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June 20, 2014

Reconnecting: Missionary family returns to Enid for visit

ENID, Okla. — A missionary family with a strong base of support in Enid for their work in Niger is making a month-long visit to reconnect with friends and supporters.

Yacouba Seydou, his wife, Renate Seydou, and their children, Sarah, 14, and Levi, 10, arrived Monday and will make several appearances around Enid while here. These include:

• 10 a.m. Sunday at Covenant Life Christian Fellowship.

• 6-8 p.m. June 27 at Five80 Coffee House.

• 8, 9:30 and 11 a.m. July 6 at Emmanuel Baptist Church.

• 6:30 p.m. July 6 at Hillsdale Christian Church.

• 9 and 11 a.m. July 13 at Enid Mennonite Brethren Church.

Seydou was born in Niger and came to the United States for an education. While attending Oral Roberts University, he met and married Renate, and the two formed Hosanna Institute of the Sahel, partnering with churches committed to provide financial, technical, physical and prayer support for their efforts in Niger.

Hosanna Institute of the Sahel USA is headquartered in Enid. Two other Hosanna Institutes are headquartered in Germany and Niger. Additional partnerships with such entities as Humedica, Operation Blessing and Christian Broadcasting Network have permitted Hosanna Institute to evolve and expand its work.

In addition to planting churches, the mission drills wells to bring safe, clean water to parched Niger; helps Niger residents develop food security via food banks and agricultural education; runs orphanages and works with challenged children; trains women in sewing and other life skills; operates medical clinics and a hospital; and does radio and television broadcasting.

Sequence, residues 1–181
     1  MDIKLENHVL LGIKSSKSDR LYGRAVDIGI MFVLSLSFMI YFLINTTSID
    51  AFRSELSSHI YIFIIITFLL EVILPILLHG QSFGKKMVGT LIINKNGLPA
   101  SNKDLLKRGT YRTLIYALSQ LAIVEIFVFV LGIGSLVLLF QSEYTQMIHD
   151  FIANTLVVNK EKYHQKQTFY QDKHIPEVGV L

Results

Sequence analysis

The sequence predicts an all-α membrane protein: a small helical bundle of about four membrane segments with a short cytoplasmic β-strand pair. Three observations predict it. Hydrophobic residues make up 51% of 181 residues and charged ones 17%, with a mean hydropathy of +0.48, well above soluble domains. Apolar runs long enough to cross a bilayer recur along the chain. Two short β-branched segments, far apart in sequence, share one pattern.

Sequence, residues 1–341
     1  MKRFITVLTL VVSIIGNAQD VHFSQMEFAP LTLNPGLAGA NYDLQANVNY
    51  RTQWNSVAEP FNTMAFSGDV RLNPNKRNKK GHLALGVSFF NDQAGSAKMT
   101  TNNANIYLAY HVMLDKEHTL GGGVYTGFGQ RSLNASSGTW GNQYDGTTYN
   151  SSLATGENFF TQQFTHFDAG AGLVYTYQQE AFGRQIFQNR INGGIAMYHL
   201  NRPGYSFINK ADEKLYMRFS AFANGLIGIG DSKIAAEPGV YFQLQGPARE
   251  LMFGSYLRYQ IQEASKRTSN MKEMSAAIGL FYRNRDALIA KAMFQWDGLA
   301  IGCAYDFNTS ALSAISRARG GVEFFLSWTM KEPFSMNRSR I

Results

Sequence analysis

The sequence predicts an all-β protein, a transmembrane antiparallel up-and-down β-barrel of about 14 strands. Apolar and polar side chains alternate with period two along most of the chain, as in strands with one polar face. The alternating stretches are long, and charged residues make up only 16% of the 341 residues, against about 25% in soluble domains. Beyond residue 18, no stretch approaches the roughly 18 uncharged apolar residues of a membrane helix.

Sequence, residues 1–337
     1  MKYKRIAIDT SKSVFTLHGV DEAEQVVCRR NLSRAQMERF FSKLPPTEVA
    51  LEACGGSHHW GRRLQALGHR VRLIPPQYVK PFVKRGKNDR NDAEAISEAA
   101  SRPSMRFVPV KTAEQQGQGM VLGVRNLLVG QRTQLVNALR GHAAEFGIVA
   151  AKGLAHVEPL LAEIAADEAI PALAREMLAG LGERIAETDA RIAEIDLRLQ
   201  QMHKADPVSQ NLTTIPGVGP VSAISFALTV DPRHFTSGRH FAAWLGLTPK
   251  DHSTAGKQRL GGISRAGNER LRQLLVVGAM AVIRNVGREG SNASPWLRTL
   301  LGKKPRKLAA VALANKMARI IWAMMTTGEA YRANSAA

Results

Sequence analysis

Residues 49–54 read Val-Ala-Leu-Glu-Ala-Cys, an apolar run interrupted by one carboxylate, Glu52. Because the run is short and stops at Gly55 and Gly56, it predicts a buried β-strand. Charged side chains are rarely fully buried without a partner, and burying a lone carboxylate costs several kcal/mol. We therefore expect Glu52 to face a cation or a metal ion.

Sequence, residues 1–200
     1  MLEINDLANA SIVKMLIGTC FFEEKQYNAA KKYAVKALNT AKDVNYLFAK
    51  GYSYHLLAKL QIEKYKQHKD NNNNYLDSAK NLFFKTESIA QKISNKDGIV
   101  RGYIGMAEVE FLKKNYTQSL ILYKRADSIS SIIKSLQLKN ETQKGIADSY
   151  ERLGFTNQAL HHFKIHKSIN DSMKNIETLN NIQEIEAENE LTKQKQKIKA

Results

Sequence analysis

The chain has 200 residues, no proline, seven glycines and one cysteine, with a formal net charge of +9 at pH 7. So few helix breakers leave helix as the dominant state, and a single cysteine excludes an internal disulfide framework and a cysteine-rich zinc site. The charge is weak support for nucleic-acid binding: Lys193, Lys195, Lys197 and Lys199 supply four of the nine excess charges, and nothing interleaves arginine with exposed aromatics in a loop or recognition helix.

Dennis Luckinbill, vice president of Hosanna Institute of the Sahel and a longtime supporter who has known Seydou since the days when Seydou worked at an Enid retail store, spoke about the expansion of Seydou’s work since Luckinbill’s first trip to Niger.

“We went over in 2004,” Luckinbill said. “At that time there wasn’t really much going on. I remember going over to this land over in Kollo and (Seydou) knelt on the ground and said, ‘This is where I want to build a hospital.’”

The Oklahoma partners are involved in the drilling of wells, which they began in 2005. Existing water sources, usually shallow, hand-dug, uncovered wells, frequently are contaminated. Illness often results from consuming water from them.

In recent years, Hosanna has drilled 53 water wells. Since Niger lies partly in the Sahara Desert and partly in the Sub-Saharan region, one of the items on the Hosanna’s wish list is a new drilling rig with hammer technology.

Carol Williams, president of Hosanna Institute, said the price tag on such a drilling rig is $150,000, which the organization doesn’t currently have. However, such a drilling rig would make it possible to drill wells in remote areas that don’t have access to the copious amounts of water required by current drilling rigs.

“We are now working towards establishing a center for challenged kids,” Seydou said.

Looking toward the future, Seydou said he wants to increase work educating the people of Niger.

“We have seen that education is the key to bringing change,” Seydou said. “Ignorance is killing a lot of people.”

Seydou said he was impressed with his Thursday visit to Autry Technology Center.

“That should be Hosanna’s next project, to partner with Autry,” Seydou said.

Luckinbill pointed to Seydou’s influence in changing agriculture practices in Niger.

Hosanna’s well-drilling efforts will be further integrated with agriculture and hygiene, Seydou said.

For more information on Hosanna Institute and its work, catch up with Seydou at one of his Enid appearances or go to hosannasahel.org.

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